H.L. Anand, J.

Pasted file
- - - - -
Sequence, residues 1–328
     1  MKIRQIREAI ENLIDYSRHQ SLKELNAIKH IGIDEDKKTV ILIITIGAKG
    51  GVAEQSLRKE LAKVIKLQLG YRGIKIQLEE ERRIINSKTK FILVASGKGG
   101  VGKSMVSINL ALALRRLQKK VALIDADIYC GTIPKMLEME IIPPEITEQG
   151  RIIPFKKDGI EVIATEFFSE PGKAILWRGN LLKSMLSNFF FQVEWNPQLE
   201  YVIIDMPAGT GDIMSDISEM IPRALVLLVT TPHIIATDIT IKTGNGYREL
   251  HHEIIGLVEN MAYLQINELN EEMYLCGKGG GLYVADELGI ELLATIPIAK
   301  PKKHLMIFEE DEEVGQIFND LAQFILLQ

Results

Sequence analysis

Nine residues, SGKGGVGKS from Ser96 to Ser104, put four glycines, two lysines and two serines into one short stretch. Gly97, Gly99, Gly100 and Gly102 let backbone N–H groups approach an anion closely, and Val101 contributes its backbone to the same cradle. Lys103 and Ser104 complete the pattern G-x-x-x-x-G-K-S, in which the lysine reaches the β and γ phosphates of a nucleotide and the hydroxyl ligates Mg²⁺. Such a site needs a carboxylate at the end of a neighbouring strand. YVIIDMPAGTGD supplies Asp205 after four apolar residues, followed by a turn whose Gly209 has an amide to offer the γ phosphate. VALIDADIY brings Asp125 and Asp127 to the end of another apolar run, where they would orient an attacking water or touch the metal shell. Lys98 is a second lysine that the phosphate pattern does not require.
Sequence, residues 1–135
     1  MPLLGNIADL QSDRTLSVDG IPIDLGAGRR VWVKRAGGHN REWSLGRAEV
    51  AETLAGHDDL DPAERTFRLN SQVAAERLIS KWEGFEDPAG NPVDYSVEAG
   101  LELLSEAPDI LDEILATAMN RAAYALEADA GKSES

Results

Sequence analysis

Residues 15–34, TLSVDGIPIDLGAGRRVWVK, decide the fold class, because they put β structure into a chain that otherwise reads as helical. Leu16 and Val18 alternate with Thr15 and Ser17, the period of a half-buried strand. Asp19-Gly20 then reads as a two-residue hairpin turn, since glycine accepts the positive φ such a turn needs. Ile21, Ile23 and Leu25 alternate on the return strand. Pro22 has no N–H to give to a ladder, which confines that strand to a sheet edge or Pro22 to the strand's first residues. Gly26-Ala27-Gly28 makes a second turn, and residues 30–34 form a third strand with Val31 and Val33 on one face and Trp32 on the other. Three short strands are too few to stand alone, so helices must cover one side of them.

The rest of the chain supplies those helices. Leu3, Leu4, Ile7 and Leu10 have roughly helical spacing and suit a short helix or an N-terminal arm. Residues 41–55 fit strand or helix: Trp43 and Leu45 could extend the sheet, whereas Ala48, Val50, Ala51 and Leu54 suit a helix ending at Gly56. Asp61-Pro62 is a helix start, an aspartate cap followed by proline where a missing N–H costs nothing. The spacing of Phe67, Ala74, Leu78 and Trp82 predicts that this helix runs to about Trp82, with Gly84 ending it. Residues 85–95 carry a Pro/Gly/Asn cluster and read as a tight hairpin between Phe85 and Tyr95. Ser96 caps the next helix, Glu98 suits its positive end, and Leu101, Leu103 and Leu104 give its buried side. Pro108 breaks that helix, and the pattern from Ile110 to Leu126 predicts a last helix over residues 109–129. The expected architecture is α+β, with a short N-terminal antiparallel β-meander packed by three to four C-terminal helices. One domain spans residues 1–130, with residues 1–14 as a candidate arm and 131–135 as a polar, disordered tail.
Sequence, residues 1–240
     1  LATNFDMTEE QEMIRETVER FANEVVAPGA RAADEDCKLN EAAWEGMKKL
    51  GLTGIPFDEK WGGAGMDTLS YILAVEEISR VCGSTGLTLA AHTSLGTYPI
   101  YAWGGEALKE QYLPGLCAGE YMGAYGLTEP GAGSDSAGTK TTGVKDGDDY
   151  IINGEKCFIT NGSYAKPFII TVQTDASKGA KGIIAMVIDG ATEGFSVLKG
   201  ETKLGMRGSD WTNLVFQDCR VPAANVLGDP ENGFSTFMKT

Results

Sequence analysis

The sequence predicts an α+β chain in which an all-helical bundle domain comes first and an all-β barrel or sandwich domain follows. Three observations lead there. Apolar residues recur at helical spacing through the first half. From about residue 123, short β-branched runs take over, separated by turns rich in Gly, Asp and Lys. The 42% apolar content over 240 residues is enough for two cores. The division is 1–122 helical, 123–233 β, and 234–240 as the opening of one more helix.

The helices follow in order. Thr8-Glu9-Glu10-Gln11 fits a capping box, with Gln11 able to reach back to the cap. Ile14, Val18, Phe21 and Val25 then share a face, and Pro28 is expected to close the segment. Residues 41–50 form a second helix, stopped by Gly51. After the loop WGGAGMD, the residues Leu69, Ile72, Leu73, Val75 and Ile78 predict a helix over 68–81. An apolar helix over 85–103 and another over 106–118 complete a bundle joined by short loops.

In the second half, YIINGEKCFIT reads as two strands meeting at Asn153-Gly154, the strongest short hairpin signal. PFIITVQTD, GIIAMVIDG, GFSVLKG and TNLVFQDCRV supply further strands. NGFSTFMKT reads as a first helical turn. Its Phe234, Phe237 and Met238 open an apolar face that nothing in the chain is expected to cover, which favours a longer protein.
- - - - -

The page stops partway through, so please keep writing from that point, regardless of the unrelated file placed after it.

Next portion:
(1) By this petition under Section 115 of the Code of Civil Procedure, the petitioner challenges the order of the Additional Senior Sub-Judge, Delhi, upholding in appeal an order of the execution court overruling the objection of the petitioner with regard to the validity of the decree for the eviction of the tenant in respect of the premises pursuant to which the petitioner is sought to be evicted.